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Sorry, Ya'll. The pic is blocked by over protective filtering on my work computer, in fact, I didn't even notice there was a pic there.


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The OP describes that he has removed a conical thingie, which is probably the compression ring. If so, I don't think a pick will solve anything. I would use a 2x4 as a buffer between the fork and the a mallet or hammer.. Just make sure your whack is good and lined up, and make sure the 2x4 is flush with the steerer tube. Also, drip some oil or even ...


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It's unclear how it came to be a JIS (EC29) frame with threadless. That combination is odd. There are some different ways it might have been hacked together, or maybe some small number of bikes were made that way. It doesn't matter. Get the frame reamed to ISO/Campy/EC30 (all names for the same thing) and the crown milled if needed, and then you can install ...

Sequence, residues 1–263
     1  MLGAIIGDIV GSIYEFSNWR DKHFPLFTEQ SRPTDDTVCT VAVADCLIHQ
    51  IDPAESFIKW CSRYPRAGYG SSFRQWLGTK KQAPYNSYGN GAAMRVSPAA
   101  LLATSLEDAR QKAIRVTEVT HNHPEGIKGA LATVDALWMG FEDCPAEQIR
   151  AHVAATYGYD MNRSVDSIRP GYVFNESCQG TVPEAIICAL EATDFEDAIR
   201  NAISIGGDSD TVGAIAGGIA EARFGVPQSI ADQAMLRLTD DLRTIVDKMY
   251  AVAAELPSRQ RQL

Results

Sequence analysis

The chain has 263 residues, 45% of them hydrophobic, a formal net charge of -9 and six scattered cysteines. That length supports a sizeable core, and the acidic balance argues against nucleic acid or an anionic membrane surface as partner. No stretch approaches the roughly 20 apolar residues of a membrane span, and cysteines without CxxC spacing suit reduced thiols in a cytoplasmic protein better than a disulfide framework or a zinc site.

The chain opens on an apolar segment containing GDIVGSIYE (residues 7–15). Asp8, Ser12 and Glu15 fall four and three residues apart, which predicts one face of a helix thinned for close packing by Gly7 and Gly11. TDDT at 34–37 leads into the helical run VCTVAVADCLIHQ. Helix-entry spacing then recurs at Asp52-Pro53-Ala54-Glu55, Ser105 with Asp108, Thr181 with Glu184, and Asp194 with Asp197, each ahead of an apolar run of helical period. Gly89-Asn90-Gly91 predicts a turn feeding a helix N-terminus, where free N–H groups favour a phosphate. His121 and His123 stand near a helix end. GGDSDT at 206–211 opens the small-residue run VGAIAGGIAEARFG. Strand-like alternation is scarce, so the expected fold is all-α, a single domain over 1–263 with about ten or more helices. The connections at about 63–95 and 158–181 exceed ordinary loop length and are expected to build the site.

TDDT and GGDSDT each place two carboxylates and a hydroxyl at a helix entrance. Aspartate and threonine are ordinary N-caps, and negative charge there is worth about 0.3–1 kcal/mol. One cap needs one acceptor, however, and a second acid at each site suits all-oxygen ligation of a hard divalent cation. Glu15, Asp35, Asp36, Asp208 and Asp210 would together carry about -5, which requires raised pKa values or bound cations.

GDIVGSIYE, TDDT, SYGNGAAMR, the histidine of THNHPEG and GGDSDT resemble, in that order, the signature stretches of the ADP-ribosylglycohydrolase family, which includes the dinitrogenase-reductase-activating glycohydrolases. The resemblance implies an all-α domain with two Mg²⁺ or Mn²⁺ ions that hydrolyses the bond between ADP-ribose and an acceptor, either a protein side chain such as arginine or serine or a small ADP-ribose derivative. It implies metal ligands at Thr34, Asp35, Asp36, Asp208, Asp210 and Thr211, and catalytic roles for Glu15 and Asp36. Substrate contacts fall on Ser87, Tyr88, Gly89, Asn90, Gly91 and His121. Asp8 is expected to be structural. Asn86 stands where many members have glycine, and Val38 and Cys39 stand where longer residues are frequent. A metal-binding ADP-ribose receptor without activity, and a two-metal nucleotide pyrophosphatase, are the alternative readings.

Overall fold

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The grey part is a wedge and has a split in it. You could use a metal pick to pry it out at the split. If you deform it in your attempt, file or sand off any burrs before you reuse it. If you hit the top of the fork too hard it's possible to knock it out of round, even with a rubber mallet. The problem you have encountered is quite common and can be ...


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Adding this answer to a years old question that is very relevant today. Most new forks today (mid- to high-level ones from the biggest and best suspension makers, namely: Fox, Rock-Shox, XFusion, Marzocchi [owned by Fox], Manitou, Ohlins) are equipped with tapered steer tubes 1.5" at the crown to 1.125" by the time it leaves the headtube and the ...


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